One of the ways Picatrix conceals secrets of talismanic magic is by describing electional considerations and the composition of talismans and suffumigations in what superficially appear to be abstract cosmological relationships. To a person immersed in the worldview espoused by the author, ultimately there is no difference between these things; or at least there is a profound sympathy.
What Picatrix is saying here is pretty radical.
While most talismanic and petitional elections depend strongly upon the condition of the Moon and to some extent the planet on or ruling the Ascendant, if a major significator in the election is the Sun the role of every other planet is greatly diminished. The manifestation might be subtler with a weak Moon, however. In theory, one could create a benevolent Solar talisman even if the Moon was afflicted catastrophically. I personally wouldn’t take that chance unless it were an emergency, but in the earlier of the two Sun in Aries elections I described in the last post the Moon was slightly afflicted. It is because of Picatrix that I felt this was inconsequential.
This is a special case regarding the Sun and the Sun only. Tropical astrology is not heliocentric; it is geocentric. But it is what I call heliophilic. It gives a very special significance to the role of the Sun, and it has powers unique among all the planets. It is not merely the strongest planet—something seldom stated in canonical texts because it really is taken for granted—but it has a central role in the cosmos as the bringer of order, the primary source of visible and astral light, the liminal mediator between the world of Forms and the Sublunar sphere, and of the four seasons that sustain all life. Thus, through the Sun, the equinoxes and solstices define the positions and properties of the Zodiacal Signs and the essential architecture of the universe and time itself.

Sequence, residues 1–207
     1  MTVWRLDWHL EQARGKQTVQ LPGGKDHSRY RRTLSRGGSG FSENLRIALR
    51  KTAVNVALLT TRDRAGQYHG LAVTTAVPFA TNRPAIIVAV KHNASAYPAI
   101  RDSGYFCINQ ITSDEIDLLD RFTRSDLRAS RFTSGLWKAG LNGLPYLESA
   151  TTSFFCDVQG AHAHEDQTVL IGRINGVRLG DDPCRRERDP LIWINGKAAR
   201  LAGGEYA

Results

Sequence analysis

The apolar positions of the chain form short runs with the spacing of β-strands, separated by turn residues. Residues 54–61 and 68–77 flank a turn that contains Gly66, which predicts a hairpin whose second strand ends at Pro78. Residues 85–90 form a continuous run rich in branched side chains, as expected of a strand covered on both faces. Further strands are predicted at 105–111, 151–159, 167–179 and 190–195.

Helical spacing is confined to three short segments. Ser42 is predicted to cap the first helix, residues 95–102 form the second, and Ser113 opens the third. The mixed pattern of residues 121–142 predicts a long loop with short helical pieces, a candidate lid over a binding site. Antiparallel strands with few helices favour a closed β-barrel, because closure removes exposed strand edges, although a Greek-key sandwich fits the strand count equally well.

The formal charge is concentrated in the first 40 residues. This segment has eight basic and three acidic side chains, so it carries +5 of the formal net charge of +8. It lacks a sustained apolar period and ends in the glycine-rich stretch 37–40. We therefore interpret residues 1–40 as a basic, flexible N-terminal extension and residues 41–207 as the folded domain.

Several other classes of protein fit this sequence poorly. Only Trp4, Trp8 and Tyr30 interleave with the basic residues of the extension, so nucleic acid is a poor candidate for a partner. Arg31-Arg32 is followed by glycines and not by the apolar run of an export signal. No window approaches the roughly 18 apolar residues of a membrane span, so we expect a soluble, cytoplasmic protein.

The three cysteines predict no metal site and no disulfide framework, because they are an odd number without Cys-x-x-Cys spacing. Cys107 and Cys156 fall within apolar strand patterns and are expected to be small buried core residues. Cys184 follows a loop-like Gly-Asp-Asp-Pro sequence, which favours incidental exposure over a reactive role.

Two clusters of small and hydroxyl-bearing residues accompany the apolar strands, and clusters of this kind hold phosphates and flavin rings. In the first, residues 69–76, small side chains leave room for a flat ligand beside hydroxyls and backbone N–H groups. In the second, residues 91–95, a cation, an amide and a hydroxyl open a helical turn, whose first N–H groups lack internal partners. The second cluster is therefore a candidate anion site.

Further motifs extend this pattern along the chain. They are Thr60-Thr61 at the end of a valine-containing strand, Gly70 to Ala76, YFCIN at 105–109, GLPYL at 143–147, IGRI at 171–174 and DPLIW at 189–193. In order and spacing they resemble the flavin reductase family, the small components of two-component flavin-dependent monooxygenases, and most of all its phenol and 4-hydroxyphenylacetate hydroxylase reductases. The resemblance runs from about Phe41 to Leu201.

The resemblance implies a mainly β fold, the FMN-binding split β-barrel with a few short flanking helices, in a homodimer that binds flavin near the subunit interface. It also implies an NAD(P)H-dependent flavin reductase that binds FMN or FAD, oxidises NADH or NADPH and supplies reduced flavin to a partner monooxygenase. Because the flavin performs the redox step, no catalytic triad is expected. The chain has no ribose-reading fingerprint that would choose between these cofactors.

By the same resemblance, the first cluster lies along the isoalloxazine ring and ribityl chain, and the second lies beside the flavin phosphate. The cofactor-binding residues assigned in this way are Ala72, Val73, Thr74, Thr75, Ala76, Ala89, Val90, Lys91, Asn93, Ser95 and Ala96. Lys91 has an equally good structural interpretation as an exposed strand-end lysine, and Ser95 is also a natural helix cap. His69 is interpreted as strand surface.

I hope that you’ve enjoyed this somewhat serpentine journey through the world of Scholastic Image Magic which started with Agrippa’s Solar sapphires, has taken us through the complex relationships of planetary pairings, and finally to the fundamental supremacy and centrality of the Sun. Traditional celestial magic conceals a lot of secrets of both a practical and spiritual nature, and as we solve the puzzles it sets before us in the canonical sources, the aspiration is that our own personal disjointedness is transformed into a more coherent spiritual being.
I’m cheating a little by letting you in on some of the glimpses of the treasures that I’ve uncovered. I’m hoping that you’ll forgive me for bending the rules a little; that you’ll return the favor someday to myself and others, and that you’ll use this knowledge wisely.
No one can perfect any of the works of traditional astrological magic without passing on some of the illumination that one receives, much like the Sun illuminates each of the planets and they transmit their light and fill all of their hierarchies with vitality and power. It’s more than a metaphor; it’s the essential connection between consciousness and cosmos that produces magic and our experience of reality itself.